Employment tribunals - what do the latest figures tell us?

What do the statistics show?

Quarterly government statistics published in September show that employment tribunal claims increased by 165% during the period April-June compared with the same period in 2017. This suggests that the eradication of employment tribunal fees since July 2017 is still having an effect.

These latest figures cover the period 1 April 2017 to 31 March 2018, so the requirement to pay fees was still influencing the level of applications made over the first third of the year. As expected, the number of applications made has increased rapidly.  However, it is worth noting that the overall number of awards made by employment tribunals has decreased despite so many more claims being made.

What are the key statistics?

  • The number of single claims lodged increased by 165% compared with the same quarter last year.
  • The number of single claims outstanding rose by 130% compared with the same quarter last year. HM Courts & Tribunal Service is in the process of recruiting more employment judges, which will help reduce the backlog in the medium to longer term.
  • There have been 12,400 fee refund payments made since the fee refund scheme was introduced, totalling just over £10m.
  • Disability discrimination cases had the largest average award (£30,698). Religious discrimination claims had the lowest average award (£5,074). The average award for unfair dismissal awards was £15,007. (See table below.)

Maximum, median and average awards for unfair dismissal and discrimination 2017/18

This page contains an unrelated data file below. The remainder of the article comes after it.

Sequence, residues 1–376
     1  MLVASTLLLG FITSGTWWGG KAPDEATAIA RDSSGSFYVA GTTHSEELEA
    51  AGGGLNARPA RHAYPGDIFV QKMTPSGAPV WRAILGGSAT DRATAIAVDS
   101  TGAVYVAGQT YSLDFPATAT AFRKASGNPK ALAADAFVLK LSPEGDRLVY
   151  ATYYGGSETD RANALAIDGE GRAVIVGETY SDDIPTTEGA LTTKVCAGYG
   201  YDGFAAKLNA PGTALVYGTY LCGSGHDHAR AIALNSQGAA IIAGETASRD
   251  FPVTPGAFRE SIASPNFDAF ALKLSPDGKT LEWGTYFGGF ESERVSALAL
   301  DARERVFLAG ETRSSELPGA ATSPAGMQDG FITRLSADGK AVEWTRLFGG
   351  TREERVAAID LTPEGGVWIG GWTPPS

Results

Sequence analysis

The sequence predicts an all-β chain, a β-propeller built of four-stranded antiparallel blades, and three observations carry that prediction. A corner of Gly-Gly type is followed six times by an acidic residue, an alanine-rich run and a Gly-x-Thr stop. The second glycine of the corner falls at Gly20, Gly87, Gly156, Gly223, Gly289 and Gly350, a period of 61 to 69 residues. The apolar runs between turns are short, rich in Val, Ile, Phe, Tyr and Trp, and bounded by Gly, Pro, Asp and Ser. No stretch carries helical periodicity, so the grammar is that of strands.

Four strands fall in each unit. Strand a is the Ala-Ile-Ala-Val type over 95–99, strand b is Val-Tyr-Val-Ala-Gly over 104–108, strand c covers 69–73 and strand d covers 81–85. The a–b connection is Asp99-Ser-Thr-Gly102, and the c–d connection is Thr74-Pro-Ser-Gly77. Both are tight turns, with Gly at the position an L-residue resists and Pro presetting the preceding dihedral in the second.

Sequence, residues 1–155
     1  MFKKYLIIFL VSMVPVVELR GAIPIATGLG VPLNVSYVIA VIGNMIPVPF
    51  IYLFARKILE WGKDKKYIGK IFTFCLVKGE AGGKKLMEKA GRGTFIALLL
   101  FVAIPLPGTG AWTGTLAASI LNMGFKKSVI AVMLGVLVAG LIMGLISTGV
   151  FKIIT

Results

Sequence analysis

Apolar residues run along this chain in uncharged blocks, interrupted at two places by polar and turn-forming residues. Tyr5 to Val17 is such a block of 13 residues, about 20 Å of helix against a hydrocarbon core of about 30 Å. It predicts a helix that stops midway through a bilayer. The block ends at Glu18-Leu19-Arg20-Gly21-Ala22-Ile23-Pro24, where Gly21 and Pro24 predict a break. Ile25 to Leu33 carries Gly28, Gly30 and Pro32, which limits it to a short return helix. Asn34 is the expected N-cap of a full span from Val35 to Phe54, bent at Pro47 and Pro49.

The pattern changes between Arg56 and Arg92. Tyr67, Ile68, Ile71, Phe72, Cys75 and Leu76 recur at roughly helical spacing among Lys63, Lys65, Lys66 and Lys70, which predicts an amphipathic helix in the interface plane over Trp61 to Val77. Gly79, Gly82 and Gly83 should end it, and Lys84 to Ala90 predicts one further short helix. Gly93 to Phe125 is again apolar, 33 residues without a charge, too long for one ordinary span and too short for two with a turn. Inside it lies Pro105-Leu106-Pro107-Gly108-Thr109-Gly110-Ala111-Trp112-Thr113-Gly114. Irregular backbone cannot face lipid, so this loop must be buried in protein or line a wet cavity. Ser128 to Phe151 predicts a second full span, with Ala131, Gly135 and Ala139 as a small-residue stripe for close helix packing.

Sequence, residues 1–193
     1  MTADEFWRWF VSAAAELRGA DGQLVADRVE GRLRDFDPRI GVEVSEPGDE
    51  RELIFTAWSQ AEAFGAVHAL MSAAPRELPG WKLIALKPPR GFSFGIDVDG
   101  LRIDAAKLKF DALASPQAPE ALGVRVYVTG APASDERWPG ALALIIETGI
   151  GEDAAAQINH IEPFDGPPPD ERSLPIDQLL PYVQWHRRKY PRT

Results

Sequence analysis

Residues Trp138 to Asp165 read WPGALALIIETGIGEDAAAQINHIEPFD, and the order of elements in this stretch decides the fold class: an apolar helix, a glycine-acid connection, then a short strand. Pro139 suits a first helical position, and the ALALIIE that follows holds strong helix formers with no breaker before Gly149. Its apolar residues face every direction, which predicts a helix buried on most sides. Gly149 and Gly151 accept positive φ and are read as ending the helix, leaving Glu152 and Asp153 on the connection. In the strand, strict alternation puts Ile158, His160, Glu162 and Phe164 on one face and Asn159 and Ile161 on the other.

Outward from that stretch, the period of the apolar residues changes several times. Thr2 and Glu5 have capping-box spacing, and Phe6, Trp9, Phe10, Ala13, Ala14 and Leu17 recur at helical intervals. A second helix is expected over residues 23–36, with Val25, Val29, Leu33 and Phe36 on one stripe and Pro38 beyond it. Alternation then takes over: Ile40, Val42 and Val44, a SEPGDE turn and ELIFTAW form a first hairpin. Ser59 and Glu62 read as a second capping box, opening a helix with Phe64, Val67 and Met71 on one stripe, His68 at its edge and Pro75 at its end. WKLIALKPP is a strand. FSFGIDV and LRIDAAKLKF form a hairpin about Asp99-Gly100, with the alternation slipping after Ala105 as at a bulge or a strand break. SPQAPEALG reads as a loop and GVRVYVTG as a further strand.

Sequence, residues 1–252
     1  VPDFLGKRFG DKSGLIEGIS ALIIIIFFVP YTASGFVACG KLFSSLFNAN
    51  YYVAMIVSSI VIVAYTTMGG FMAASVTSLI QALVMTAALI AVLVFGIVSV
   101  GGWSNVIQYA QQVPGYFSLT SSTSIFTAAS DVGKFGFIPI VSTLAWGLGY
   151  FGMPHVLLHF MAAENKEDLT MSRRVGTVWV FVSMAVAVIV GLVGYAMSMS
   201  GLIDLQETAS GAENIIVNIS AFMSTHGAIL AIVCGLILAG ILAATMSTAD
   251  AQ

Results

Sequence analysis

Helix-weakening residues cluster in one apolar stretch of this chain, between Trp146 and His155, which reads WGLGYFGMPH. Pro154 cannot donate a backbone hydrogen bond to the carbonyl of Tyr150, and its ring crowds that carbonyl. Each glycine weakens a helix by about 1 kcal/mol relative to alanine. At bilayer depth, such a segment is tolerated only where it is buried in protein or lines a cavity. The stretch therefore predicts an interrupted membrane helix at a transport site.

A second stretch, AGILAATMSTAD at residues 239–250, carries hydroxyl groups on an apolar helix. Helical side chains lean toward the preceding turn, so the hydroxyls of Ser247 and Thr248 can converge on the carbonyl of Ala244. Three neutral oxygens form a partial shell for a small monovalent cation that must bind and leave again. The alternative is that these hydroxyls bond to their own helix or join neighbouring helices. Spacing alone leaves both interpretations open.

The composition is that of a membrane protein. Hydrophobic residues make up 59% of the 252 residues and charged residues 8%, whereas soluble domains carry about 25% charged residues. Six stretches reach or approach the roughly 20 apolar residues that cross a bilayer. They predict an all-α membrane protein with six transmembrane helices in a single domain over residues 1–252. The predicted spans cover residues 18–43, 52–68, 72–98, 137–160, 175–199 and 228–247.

Maximum Award

Median Award

Average Award

Unfair dismissal




Race discrimination




Sex discrimination       




Disability discrimination




Religious discrimination           




Age discrimination




Sexual orientation discrimination




What does this mean for my business?

It is clear to see that the abolishment of employment tribunal fees has resulted in the number of claims by employees and ex-employees increasing. The fees played a big part in people previously deciding not to pursue claims.

Businesses need to be aware that, should an employee have a complaint in the workplace, ideally they should resolve this either informally or formally through a grievance process to amicably resolve matters. Where this does not happen, businesses need to be aware that an employee may bring a claim – the typical time limit to bring a claim at an employment tribunal for most claims is three months.

It is always a good idea to keep a paper trail of all meetings, investigations, notes and evidence of issues at work as this may assist you should you need to defend a claim.

Where can I go for more information?

Click here for the full Ministry of Justice report on employment tribunal quarterly statistics

See also: Come and meet us at the Farm Business Innovation Show in November